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Defend The Highlands Review

defend the highlands

It’s time to once more hide behind flipped tables as you fire up the bagpipes, recruiting more and more Scottish warriors to your cause, each powered by… porridge. No really. Someone has to stop the English invasion of Scotland in Defend the Highlands after all, and unsurprisingly, that tasks has fallen upon you, assisted by the battle-hardened pub owner Alfredo (among other).

Okay so in reality, Alfredo’s ‘assistance’ will likely not be felt on the battlefield, as from what I’ve experienced, his role is more that of the tower in need of defense than a fierce warrior. What? Oh. Yeah. I know – yet another tower defense, but hey, at least this one doesn’t have some silly pre-determined path or worse, fixed tower placement. Aside from the oat fields anyway, as those can’t be moved around and you do need to defend anyone working them. If you don’t, your supply will eventually run out, at which point your troops will no longer fight the good fight. At all. Which would be bad.

Personally, I’d probably ask for a different form of payment rather than porridge, even if it does go well with the overall silliness of Defend the Highlands. The means by which you’re able to defend Alfredo includes sniping the offense with golf balls and getting your brave countrymen drunk on whisky, after all. There’s even a level where Nessie – yup, THAT Nessie – will assist, chewing up anyone foolish enough to near the water. Nom nom nom!

Provided you have enough porridge to keep them fed, additional units can be recruited through the playing of bagpipes – an odd method, to say the least. Just make sure whoever you decide to turn into a musician is hidden somewhere in the back, as multitasking is not a thing in this game. Either a unit plays music, mans a tower (be it a porridge cannon, a set of golf clubs or something else entirely), or stands still, waiting for some poor fool to come within range, at which point… shots will be fired! Shots which may or may not hit the mark, depending on whether you’ve put points into accuracy over range, damage or even fire rate.

See, while moving everyone around each battlefield, building defenses (which enemies can tear down with enough force, I might add), manning towers or oat fields will keep you plenty busy, you’d do well to ensure everyone hits boot camp between fights too. Far as I can tell, finishing a level rewards you with three upgrade points, which can then be distributed among a variety of ‘upgrades’, bolstering your troops for any and all future skirmishes. This is incredibly useful, as even on normal difficulty, the opposition can be quite relentless!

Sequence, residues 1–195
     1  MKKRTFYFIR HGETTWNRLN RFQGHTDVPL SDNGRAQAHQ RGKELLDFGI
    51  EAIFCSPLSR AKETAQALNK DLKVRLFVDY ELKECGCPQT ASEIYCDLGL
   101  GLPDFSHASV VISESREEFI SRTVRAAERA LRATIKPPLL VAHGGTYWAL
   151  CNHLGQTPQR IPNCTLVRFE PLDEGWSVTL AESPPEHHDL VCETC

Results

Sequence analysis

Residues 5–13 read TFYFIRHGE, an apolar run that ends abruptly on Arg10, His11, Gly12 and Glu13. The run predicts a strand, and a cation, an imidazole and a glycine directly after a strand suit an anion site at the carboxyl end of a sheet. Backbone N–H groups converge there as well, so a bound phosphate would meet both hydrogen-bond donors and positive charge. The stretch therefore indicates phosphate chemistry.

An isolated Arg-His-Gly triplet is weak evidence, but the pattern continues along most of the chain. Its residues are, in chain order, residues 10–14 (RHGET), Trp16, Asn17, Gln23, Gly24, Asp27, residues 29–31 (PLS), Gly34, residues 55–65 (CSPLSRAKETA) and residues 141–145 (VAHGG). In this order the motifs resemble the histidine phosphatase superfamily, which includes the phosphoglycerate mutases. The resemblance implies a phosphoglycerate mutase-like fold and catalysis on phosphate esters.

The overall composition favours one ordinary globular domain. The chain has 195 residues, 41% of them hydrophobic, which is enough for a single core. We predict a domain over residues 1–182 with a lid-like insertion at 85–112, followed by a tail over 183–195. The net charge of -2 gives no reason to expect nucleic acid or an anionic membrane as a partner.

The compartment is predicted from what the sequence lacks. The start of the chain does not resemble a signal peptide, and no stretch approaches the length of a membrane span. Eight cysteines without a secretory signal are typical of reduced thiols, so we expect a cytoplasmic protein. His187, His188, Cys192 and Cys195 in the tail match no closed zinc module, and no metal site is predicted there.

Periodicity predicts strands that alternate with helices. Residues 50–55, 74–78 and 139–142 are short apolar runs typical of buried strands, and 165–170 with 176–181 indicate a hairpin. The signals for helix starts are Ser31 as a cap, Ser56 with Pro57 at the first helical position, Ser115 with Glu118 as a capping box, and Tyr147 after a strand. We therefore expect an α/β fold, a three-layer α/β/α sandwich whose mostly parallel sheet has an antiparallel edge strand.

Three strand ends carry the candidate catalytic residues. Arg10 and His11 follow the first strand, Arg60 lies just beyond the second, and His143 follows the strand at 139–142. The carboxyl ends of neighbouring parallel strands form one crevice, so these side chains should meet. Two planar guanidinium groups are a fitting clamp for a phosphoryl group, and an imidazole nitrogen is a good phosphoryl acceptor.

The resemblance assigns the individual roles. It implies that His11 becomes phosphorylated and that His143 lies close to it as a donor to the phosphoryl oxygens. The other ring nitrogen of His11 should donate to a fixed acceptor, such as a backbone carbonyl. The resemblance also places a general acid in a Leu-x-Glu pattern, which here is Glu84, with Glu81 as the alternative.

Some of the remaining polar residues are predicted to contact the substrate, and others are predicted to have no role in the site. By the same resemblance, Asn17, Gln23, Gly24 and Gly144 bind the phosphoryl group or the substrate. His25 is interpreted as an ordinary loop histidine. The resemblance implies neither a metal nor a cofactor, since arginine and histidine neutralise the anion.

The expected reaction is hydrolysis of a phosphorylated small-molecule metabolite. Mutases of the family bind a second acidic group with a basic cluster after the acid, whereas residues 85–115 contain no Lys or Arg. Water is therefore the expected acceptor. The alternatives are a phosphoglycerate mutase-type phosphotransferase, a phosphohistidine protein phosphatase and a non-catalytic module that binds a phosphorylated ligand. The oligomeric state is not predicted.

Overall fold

Freeing Scotland will be no walk in the glen. Only a true Scotsman will be able to stand up to the combined might of the English, Irish and Welsh.

From the relative safety of a pub full of tables and chairs to open highlands with a few rocks here and there acting as natural, unbreakable, defenses, there’s plenty variety across the 20-level campaign. A campaign which, for most, will likely take between four and five hours to finish, after which there’s fun to be had with the ‘skirmish’ mode. Here, you get to pick and choose, tailoring the encounter to your liking, changing things like enemy difficulty, disabling specific constructions and such. A nice change of pace after the this-is-how-it-is main missions for sure.

Ah, and we mustn’t forget about the narrator / voice-in-the-sky, as this guy’s as over-the-top as the rest of the game, complete with a spot-on accent (because why not?), acknowledging success cheerfully, and mocking equally upon defeat. On top of that, while the art style may not be to everyone’s liking, at least it doesn’t clash with the overall setting. Lush, grassy hills, bearded Scots, notes flying out from bagpipe players, and so on – quite lovely, eh?

All in all, there’s definite fun to be had, no matter your skill (as the game packs several difficulty levels), defending these highlands. Could it have benefited from more visual polish? Probably, but what’s there works and doesn’t clutter up the screen, which is pretty darn important when things get going. On a related note, being able to disable order acknowledgment would have been nice, as hearing the same bits over and over can get a tad annoying. But given the overall fun I had with Defend the Highlands, that’s a minor gripe, really, and likely a case of personal preference. So go man those porridge cannons and get ready to snipe English invaders with golf balls!

Defend The Highlands is available from Steam (Windows, OS X, SteamOS, Linux), with a $9.99 price tag.

Defend the Highlands – Out Now

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